Climate action tips for offices and communities
The Manila Times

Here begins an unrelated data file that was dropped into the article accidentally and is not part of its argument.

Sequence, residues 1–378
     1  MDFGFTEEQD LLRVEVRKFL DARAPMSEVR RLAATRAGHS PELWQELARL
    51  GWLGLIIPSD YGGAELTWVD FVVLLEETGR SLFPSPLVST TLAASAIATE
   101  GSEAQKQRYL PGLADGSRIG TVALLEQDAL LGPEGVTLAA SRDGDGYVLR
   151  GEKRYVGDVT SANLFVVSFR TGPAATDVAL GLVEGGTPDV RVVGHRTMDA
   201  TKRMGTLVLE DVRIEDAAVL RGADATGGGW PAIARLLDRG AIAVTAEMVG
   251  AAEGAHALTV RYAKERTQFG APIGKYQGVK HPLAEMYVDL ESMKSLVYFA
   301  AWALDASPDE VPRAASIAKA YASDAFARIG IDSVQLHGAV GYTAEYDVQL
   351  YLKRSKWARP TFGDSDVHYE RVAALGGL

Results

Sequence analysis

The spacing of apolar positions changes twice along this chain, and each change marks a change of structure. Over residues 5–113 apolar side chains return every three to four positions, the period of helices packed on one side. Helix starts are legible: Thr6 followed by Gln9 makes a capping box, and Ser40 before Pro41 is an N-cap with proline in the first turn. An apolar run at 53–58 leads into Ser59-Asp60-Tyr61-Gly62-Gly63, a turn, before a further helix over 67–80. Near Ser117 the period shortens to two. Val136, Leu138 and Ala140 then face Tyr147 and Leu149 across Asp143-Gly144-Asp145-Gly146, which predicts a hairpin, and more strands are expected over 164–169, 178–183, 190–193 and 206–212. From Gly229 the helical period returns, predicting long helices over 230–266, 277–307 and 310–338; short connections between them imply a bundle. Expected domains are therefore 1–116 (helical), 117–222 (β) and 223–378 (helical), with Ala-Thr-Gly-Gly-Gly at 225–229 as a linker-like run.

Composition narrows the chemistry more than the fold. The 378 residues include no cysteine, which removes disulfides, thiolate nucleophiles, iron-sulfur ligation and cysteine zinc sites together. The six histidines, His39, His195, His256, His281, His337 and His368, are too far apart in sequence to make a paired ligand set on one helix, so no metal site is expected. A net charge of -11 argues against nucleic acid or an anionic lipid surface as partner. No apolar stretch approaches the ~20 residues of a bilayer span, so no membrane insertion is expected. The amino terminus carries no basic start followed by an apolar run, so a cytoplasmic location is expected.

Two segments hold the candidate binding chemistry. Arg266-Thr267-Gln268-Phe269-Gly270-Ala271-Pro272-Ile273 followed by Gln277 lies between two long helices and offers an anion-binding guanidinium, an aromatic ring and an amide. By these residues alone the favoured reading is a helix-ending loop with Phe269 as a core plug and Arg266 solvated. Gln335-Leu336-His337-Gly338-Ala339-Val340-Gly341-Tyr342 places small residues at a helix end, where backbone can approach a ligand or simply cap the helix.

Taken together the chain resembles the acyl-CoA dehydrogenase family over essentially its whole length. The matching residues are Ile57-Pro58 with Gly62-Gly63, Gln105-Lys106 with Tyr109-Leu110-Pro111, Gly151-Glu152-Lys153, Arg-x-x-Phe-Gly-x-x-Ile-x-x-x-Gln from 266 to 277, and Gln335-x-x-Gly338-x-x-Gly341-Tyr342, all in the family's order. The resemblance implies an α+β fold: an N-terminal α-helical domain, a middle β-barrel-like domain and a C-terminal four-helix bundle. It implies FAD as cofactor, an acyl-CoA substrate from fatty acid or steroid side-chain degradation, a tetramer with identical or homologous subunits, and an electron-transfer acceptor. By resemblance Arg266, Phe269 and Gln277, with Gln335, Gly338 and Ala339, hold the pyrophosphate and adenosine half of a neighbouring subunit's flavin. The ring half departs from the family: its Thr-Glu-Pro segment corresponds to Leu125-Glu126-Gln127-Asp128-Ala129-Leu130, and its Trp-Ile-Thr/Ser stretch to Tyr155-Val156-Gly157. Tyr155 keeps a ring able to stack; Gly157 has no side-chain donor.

AS the country marches away from the medical and economic setbacks of the Covid-19 pandemic, itself exacerbated by the worsening climate, climate resiliency must be one of the priorities of every person, household, office, community and the entire nation. This ensures that humankind will continue to survive and thrive. We need to build a system that is more resilient to pandemics, climate change and other emerging global challenges. The menu for environment-friendly initiatives is long and can be adopted to ensure that climate change considerations are observed and practiced in our everyday lives. Here are eight tips: Harvesting rainwater. Rainwater harvesting can serve as an alternative source of water. It provides water when there is a drought and can help mitigate flooding. The collected rainwater can be used for cleaning office areas, flushing toilets and gardening. A law that will mandate the construction of water wells and rainwater collectors, developing springs, and rehabilitating existing water wells in barangay (villages) nationwide must be passed by Congress. At the local level, Marikina City has implemented initiatives to establish rainwater harvesting facilities in government facilities and school buildings. – Greening workspaces. Through simple ways, we can convert vacant spaces in our offices and homes, and even in public areas, to plant fruits, vegetables, and herbs for food sufficiency and sustainability. Having plants and trees also improves air quality, reduces stress and enhances the environmental landscape. Just make sure to plant species that are native to the area and can withstand the problems present in the community such as pollution, floods, etc. – Reducing energy consumption and harnessing solar and other renewable energy sources. Today, more and more establishments are choosing renewable energy. Onsite renewable power generation like the use of solar panels is a way to cut emissions related to electricity consumption. Installing energy-efficient lights by replacing incandescent lamps with compact fluorescents or light-emitting diodes, turning off office lights, slightly lowering the heating or the air conditioning, or unplugging devices when not needed are some good individual actions to implement. – Implementing solid waste management practices: recycling, reusing and refusing single-use plastics and reducing food waste. Aside from being dangerous pollutants, single-use plastics are fossil fuel products that contribute to climate change. Shifting to reusable containers or to products sold in bulk is a solution to reduce plastic waste. Another way to reduce our climate footprint is to reduce the amount of waste that goes into landfills. Segregate wastes by type. Recyclable materials such as newspapers, glass bottles, aluminum cans and discarded metal parts can be sent to junk shops and recycling facilities. The food waste we generate also leaves a higher carbon footprint. In order to reduce biodegradable waste, let us consume food responsibly. Unavoidable food by-products such as leaves and branches, peels, seeds, etc., can be used as natural fertilizers through biodegradable composting. – Choose greener equipment. When the time comes to buy new office materials or machines, if the old ones can’t be fixed or more are needed, choose the most efficient (energy-wise) and sustainable ones. We should also make the effort to choose suppliers who demonstrate good environmental practices. It is also important to use equipment and devices properly to avoid their deteriorating faster, and to repair gadgets when they break down instead of replacing them with new ones. – Optimizing transportation and promoting environmentally friendly ways of working. As we know, transportation is one of the largest sources of greenhouse gas emissions. By encouraging employees to use sustainable modes of transportation or by providing shuttle services, companies can significantly reduce indirect CO2 (carbon dioxide) emissions and therefore their impact on the climate. Some ways of working are more ecological than others: telecommuting, for example, has many ecological advantages. One can also consider videoconferences that avoid employees traveling by car for meetings with clients. – Building the capacity of local communities to prepare and respond to climate and health risks. Understanding local climate and disaster risks and improving multi-hazard early warning systems will ensure early action and preparedness at the agency and community level. Ensure that our buildings and infrastructure can cope with extreme weather impacts such as strong typhoons and floods. Incorporate expected climate impacts in planning and decisionmaking, such as undertaking a climate risk assessment in our locales. Strengthening emergency preparedness and response capacities, including warning system communication protocols, evacuation procedures, contingency and recovery planning, and regular simulation exercises and drills in establishments and facilities will not only save lives but also enable communities to build back better from extreme weather events. – Raising awareness through information dissemination and capacity building. We all have a role in raising community awareness. Organizing webinars and learning sessions to raise and improve awareness on climate issues is a great idea. These initiatives gradually create the ground for best practices that individuals then reproduce at home and transmit to their families, friends and communities — the snowball effect, so to speak. There is a greater need to climate-proof our facilities now, more than ever, for we do not have the luxury of time to remain still if we want to halt the trend of devastating climate change impacts on communities. We must learn from another, support each other’s climate actions, advise on strategies and strike convergence where possible. The need to work together — as a community, as a nation and as a planet — is more urgent now as we continue to take pathways to creating a safer, sustainable and resilient future for us and the next generation. The author is the executive director of the Young Environmental Forum and a nonresident fellow of the Stratbase ADR Institute. He completed his climate change and development course at the University of East Anglia and an executive program on sustainability leadership at Yale University. You can email him at email@example.com. Follow him on Twitter at @WiggyFederigan.